We also received a couple that was standing making out in front of the children, instead engaging in work with them.
You can asked yourself if these things actually contributes to make a good impact on the communities?
7. Volunteering for own gain
Though many volunteers want to help. I believe that no one travel abroad just to help others without receiving any benefit themselves. Atleast the benefit to feel a satisfaction that they did something good to people that suffer. Many social scientist also claim that helping others is linked to our own happiness. That the reason why people go abroad volunteering is to feel satisfied because they did their part of being good in the world.
I have also met volunteers that have other motivations. I volunteer because it is the cheapest way to travel. I wanted to do something different during the gap year, are some of the reasons I heard for volunteering aborad.
But one thing that I have seen with all the volunteers, and I think is motivating them the most, is the travelling. Some people come to volunteer one month, but want to travel two of them because that is all the time they have in the country.
Others, as silly as it is, are motivated by the photos. They go around with their camera all the time. Trying to get the perfect shot for their facebook profile.
8. The communities doesn’t always feel that volunteers help
Do the communities we are suppose to help actually feel like bringing the volunteers is for the better?
The guys on the street told me about another organization that brought groups of international volunteers, just sitting down talking with them for a few minutes. Giving them a cheap juice. Before take some pictures and saying goodbye. They felt like the organization was earning a lot of money bringing these volunteers without giving anything back to them that needed the most.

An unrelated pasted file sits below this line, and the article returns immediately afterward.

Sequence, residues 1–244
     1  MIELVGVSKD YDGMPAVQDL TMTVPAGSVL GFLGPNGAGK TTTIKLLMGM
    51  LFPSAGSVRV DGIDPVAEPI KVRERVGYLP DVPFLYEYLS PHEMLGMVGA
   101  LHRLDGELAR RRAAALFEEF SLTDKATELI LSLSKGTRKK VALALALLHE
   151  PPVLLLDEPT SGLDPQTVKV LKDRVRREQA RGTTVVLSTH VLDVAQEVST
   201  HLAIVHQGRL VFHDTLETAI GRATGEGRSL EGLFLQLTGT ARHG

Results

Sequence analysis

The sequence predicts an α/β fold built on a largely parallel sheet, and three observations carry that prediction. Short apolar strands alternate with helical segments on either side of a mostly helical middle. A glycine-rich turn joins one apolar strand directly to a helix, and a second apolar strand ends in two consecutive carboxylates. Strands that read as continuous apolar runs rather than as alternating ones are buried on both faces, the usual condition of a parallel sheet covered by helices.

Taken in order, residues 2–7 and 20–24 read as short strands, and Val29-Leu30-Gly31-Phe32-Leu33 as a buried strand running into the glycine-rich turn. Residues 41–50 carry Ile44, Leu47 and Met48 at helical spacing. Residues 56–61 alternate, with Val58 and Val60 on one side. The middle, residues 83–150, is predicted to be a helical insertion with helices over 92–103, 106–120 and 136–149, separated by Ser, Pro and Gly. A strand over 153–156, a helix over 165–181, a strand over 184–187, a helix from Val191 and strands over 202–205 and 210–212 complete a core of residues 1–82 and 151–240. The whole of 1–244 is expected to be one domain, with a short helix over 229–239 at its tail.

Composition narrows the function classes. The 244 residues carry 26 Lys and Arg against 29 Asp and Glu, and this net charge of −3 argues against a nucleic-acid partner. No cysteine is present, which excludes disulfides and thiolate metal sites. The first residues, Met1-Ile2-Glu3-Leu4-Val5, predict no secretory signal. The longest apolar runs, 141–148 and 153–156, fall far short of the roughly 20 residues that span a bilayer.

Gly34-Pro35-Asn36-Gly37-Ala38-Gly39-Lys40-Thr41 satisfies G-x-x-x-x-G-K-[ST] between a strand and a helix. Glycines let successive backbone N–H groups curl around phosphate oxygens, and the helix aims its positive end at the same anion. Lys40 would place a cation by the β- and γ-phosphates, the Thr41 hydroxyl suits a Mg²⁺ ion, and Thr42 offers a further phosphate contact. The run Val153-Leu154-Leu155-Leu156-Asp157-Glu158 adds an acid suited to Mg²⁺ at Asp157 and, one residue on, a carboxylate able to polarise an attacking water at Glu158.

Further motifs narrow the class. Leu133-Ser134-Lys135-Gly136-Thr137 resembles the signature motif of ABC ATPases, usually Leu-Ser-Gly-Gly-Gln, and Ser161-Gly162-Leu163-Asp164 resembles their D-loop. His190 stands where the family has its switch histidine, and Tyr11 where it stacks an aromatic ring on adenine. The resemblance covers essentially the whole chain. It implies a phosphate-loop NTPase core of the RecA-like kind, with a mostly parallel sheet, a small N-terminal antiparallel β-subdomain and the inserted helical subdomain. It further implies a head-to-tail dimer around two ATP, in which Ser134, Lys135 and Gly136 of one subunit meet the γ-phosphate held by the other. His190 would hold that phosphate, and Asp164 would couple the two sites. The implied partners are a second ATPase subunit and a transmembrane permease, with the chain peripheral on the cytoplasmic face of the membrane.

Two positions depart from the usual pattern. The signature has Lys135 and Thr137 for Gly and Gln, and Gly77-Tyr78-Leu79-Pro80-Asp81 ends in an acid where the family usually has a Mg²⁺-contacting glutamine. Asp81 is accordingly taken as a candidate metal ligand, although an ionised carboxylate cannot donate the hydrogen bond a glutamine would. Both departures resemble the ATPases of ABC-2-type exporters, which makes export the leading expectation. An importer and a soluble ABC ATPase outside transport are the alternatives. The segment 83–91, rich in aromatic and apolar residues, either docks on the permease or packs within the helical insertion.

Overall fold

Some also feel like a tourist attraction. Another group from the street we worked with, told us to not take any pictures. Because some organizations had come with their volunteers to just take pictures. Without working with them. They felt like that they did not anything for help them, In the organization I worked me therefore made a policy that the volunteers had to stay at least six months for work with this population, for not creating this kind of “slum tourism”.
9. The money doesn’t always go to help
The money paid for volunteering are usually a lot. Often as much as 3000 USD, for 2 weeks. Since I have been at the side of the local NGO that receives volunteers from partner organizations, I can truthfully say that the local NGOs do not receive anything or very little for each volunteer. Most of the money goes to the agencies, accommodation and food for the volunteer. Little are left for run the programs.
Few of the volunteers understand this. And the agencies often ask the NGOs not to talk about money with the volunteers. However, some spoiled volunteers, expect much, because they paid much to the agency for volunteer. They want the best food. Hotel accommodation. However, with the few money that the local NGO receive this is not possible.
So even if you pay a lot of volunteer, little of this money actually goes to the communities you are suppose to help. It usually goes to rich people in your home country that earns a fortune on volunteers travelling abroad.
Do not get me wrong, we had good volunteers too. Some that I believe actually did a difference. However, before you sign up for a volunteer trip, please be aware of these things. Ask yourself, if you have the necessary skills. Strive to be informed and culturally aware. Volunteer directly trough the local NGOs and not trough a agency. Stay for a longer time. And come with a open mind and positive attitude. Recognize your limits. Maybe you would do a bigger difference making fundraising for the NGO than being out there working with the children, if you are not able to communicate due to language barriers.
Do you think volunteers make a difference? If you volunteered abroad, did you think you made a positive impact?